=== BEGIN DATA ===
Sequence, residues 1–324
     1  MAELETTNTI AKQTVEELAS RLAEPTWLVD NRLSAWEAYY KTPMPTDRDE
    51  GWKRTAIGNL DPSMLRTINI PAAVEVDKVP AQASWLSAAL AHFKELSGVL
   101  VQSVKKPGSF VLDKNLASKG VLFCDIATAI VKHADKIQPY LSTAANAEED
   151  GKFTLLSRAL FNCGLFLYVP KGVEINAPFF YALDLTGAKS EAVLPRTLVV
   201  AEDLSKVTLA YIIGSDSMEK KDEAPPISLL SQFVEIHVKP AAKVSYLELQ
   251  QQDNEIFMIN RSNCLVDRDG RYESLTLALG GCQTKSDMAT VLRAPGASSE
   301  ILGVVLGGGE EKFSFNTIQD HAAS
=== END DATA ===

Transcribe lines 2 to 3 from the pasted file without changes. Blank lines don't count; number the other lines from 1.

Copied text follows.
     1  MAELETTNTI AKQTVEELAS RLAEPTWLVD NRLSAWEAYY KTPMPTDRDE
    51  GWKRTAIGNL DPSMLRTINI PAAVEVDKVP AQASWLSAAL AHFKELSGVL